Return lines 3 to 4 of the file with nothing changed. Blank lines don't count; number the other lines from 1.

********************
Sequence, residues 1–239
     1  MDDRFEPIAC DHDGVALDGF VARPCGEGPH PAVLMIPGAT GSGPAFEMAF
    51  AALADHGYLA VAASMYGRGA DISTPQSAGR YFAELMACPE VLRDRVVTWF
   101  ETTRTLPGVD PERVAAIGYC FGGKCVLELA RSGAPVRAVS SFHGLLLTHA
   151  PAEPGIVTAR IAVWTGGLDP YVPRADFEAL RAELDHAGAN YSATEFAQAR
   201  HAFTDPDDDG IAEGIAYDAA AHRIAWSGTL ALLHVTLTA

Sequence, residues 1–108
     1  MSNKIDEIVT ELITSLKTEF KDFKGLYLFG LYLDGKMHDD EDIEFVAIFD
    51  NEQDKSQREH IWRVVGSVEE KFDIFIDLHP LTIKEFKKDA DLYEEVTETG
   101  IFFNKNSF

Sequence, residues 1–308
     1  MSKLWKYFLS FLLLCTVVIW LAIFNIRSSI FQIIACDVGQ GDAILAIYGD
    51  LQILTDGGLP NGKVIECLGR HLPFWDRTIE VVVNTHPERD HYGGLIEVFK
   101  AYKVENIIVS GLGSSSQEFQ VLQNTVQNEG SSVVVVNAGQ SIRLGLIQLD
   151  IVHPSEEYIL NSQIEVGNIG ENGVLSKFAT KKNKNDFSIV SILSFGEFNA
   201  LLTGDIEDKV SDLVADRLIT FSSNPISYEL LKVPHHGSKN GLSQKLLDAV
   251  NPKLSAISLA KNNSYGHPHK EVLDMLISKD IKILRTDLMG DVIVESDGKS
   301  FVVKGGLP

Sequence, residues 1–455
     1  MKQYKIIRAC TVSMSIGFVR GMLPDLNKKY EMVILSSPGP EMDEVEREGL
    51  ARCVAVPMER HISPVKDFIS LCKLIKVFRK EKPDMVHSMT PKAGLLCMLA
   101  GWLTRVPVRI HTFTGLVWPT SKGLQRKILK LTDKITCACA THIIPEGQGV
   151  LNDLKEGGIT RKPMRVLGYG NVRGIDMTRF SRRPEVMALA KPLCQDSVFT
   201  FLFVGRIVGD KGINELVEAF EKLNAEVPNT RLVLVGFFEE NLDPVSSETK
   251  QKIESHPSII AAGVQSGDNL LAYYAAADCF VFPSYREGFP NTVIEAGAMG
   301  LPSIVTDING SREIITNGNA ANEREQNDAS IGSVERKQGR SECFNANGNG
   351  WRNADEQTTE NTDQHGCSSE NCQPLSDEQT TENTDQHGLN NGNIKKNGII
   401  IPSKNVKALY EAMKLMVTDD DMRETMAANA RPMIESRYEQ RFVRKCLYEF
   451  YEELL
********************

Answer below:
    51  AALADHGYLA VAASMYGRGA DISTPQSAGR YFAELMACPE VLRDRVVTWF
   101  ETTRTLPGVD PERVAAIGYC FGGKCVLELA RSGAPVRAVS SFHGLLLTHA